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Dengue Vaccines: A Perspective from the Point of View of Intellectual Property.

da Veiga CP, da Veiga CR, Del Corso JM, da Silva WV - Int J Environ Res Public Health (2015)

Bottom Line: The results show that 93% of patents were granted since 2000, the majority belonging to the United States and Europe, although the share of patents from developing countries has increased.Finally, in this study, the main holders showed high knowledge absorption and generated capabilities.Therefore, this issue suggests that to overcome the difficulty of translational R & D it is necessary to stimulate the generation of knowledge and relevant scientific research, to enable the productive sector to have the capacity to absorb knowledge, to turn it into innovation, and to articulate partnerships and collaboration.

View Article: PubMed Central - PubMed

Affiliation: Pontifical Catholic University of Paraná, PUCPR, Rua Imaculada Conceição, 1155 Prado Velho, 80215-901 Curitiba, PR, Brazil. claudimar.veiga@gmail.com.

ABSTRACT
Dengue is a serious infectious disease and a growing public health problem in many tropical and sub-tropical countries. To control this neglected tropical disease (NTD), vaccines are likely to be the most cost-effective solution. This study analyzed dengue vaccines from both a historical and longitudinal perspective by using patent data, evaluating the geographic and time coverage of innovations, the primary patent holders, the network of cooperation and partnership for vaccine research and development (R & D), the flow of knowledge and the technological domain involved. This study can be seen as an example of the use of patent information to inform policy discussions, strategic research planning, and technology transfer. The results show that 93% of patents were granted since 2000, the majority belonging to the United States and Europe, although the share of patents from developing countries has increased. Unlike another NTDs, there is great participation of private companies in R & D of dengue vaccines and partnerships and collaboration between public and private companies. Finally, in this study, the main holders showed high knowledge absorption and generated capabilities. Therefore, this issue suggests that to overcome the difficulty of translational R & D it is necessary to stimulate the generation of knowledge and relevant scientific research, to enable the productive sector to have the capacity to absorb knowledge, to turn it into innovation, and to articulate partnerships and collaboration.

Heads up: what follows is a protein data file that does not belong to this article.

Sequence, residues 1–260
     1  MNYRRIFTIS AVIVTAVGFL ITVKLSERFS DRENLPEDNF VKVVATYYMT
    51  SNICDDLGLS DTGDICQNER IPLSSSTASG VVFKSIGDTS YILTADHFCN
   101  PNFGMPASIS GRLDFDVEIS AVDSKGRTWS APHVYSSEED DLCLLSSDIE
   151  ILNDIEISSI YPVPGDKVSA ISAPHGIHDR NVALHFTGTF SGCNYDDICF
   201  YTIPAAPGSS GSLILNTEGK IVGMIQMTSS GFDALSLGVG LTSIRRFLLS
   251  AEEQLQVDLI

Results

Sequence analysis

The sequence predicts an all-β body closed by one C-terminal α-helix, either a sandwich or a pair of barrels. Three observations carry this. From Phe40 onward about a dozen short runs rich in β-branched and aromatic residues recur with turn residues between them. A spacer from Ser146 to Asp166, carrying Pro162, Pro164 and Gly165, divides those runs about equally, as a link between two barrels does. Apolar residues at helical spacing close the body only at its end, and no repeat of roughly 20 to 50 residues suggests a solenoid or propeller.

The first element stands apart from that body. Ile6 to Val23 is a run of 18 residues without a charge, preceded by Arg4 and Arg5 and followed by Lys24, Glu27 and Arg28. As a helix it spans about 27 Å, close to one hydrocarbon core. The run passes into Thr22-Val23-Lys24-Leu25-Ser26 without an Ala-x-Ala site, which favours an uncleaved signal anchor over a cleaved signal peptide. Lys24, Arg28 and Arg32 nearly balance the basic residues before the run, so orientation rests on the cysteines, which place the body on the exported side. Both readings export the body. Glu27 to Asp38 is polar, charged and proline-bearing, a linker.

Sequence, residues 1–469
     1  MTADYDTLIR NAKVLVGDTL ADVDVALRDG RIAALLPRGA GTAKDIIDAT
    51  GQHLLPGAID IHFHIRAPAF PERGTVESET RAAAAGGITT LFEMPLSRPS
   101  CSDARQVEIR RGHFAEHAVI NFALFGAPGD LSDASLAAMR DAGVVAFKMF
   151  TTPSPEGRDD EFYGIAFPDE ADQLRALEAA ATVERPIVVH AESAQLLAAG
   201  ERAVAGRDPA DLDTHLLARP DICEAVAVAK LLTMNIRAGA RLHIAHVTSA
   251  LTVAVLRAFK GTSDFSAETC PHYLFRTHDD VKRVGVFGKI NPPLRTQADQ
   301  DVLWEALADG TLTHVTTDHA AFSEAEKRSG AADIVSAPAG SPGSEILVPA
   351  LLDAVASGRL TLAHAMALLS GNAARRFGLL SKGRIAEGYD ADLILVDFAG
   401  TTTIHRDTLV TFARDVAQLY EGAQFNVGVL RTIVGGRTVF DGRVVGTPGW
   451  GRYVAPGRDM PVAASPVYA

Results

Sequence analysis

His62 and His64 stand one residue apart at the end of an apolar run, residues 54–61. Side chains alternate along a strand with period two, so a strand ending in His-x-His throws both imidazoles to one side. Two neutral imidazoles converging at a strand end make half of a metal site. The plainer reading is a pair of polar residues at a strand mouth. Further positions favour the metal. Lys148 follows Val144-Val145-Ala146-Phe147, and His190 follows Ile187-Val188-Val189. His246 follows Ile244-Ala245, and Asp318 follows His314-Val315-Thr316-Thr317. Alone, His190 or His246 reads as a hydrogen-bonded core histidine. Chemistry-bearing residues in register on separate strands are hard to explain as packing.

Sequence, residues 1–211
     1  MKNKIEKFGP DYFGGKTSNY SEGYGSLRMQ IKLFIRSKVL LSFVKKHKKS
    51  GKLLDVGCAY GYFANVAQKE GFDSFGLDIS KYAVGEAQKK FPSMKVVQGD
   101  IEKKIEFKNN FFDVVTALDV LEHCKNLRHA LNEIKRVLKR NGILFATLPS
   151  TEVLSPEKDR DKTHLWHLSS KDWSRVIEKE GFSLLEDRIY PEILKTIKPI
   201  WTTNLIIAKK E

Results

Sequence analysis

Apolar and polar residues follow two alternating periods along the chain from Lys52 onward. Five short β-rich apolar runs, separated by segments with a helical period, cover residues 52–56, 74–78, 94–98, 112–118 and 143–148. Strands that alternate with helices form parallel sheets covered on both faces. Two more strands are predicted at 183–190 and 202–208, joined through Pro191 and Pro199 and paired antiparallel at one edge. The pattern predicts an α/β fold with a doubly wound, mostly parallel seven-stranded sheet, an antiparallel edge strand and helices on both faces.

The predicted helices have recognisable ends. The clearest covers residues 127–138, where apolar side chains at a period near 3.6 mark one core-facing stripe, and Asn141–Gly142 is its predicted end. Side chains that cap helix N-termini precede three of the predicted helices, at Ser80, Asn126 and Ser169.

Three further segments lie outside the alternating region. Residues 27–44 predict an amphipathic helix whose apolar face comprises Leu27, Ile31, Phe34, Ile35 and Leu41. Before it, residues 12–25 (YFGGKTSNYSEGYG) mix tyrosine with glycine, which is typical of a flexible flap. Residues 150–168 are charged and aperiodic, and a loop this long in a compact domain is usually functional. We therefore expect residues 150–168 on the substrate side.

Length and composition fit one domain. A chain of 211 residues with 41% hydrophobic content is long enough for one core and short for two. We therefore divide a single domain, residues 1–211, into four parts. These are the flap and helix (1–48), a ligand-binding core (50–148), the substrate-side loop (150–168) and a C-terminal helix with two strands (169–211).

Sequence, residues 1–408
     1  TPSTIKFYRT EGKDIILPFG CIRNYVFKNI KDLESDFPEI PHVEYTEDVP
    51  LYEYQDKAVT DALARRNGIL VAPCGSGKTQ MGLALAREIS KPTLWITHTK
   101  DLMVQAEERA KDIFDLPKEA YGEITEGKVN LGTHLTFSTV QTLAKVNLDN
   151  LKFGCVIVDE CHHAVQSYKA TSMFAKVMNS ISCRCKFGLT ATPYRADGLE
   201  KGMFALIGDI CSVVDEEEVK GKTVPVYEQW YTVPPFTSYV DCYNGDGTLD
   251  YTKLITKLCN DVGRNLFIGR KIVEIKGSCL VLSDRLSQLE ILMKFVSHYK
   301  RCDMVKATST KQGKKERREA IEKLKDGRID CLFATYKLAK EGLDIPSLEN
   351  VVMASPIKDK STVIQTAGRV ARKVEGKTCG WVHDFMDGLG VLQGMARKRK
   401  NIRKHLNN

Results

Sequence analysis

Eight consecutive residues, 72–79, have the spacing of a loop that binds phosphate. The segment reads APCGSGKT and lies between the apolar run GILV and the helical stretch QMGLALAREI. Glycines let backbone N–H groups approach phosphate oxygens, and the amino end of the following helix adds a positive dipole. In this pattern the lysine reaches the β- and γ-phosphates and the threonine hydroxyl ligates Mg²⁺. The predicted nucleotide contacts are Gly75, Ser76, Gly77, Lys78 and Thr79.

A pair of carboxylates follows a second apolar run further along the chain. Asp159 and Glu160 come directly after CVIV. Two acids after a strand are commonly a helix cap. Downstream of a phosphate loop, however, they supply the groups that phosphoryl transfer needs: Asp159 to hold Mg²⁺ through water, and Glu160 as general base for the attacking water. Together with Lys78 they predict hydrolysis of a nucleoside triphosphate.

No MeSH data available.


Related in: MedlinePlus

Distribution of search results by the correlation between first priority year and top 10 holders. Holders: Bavarian Nordic, Centro de Ingenieria Genetica Biotechnologica, Glaxosmithkline Biologicals, Merck Sharp & Dohme, Sanofi Pasteur, Third Military Medical University, US Army, US Department of Health & Human Service, US Government, US Navy.
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ijerph-12-09454-f006: Distribution of search results by the correlation between first priority year and top 10 holders. Holders: Bavarian Nordic, Centro de Ingenieria Genetica Biotechnologica, Glaxosmithkline Biologicals, Merck Sharp & Dohme, Sanofi Pasteur, Third Military Medical University, US Army, US Department of Health & Human Service, US Government, US Navy.

Mentions: Still, in regards to holders and co-ownership distribution of patent families, Figure 6 illustrates the distribution of search results by the correlation between the first priority year and the top 10 holders. It is possible to note that Bavarian Nordic, the fourth largest holder of the survey data, has made no priority publications since 2002. The US Navy and US Government are in a similar situation and have produced no priority publications since 2006 and 2007, respectively. On the other hand, Glaxosmithkline and Third Military Medical University concentrate their priority publications over the past five years while Sanofi Pasteur and US Department of Health & Human Service show a more uniform distribution of patents over time. These data do not allow making inferences about the continuity of R & D, conducting clinical trials or granting the IP right to a new holder.